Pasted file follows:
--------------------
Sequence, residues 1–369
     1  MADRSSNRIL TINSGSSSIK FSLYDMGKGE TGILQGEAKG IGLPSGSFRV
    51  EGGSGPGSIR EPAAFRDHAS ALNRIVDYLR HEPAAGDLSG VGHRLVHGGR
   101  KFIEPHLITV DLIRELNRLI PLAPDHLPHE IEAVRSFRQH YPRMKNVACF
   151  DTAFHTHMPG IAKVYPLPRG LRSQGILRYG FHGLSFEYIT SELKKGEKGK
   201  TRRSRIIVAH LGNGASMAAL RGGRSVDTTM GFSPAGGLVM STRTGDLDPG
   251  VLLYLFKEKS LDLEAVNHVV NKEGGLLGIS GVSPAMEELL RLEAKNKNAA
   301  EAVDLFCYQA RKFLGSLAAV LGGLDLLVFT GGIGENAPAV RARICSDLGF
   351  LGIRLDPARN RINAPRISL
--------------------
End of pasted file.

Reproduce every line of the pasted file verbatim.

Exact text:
Sequence, residues 1–369
     1  MADRSSNRIL TINSGSSSIK FSLYDMGKGE TGILQGEAKG IGLPSGSFRV
    51  EGGSGPGSIR EPAAFRDHAS ALNRIVDYLR HEPAAGDLSG VGHRLVHGGR
   101  KFIEPHLITV DLIRELNRLI PLAPDHLPHE IEAVRSFRQH YPRMKNVACF
   151  DTAFHTHMPG IAKVYPLPRG LRSQGILRYG FHGLSFEYIT SELKKGEKGK
   201  TRRSRIIVAH LGNGASMAAL RGGRSVDTTM GFSPAGGLVM STRTGDLDPG
   251  VLLYLFKEKS LDLEAVNHVV NKEGGLLGIS GVSPAMEELL RLEAKNKNAA
   301  EAVDLFCYQA RKFLGSLAAV LGGLDLLVFT GGIGENAPAV RARICSDLGF
   351  LGIRLDPARN RINAPRISL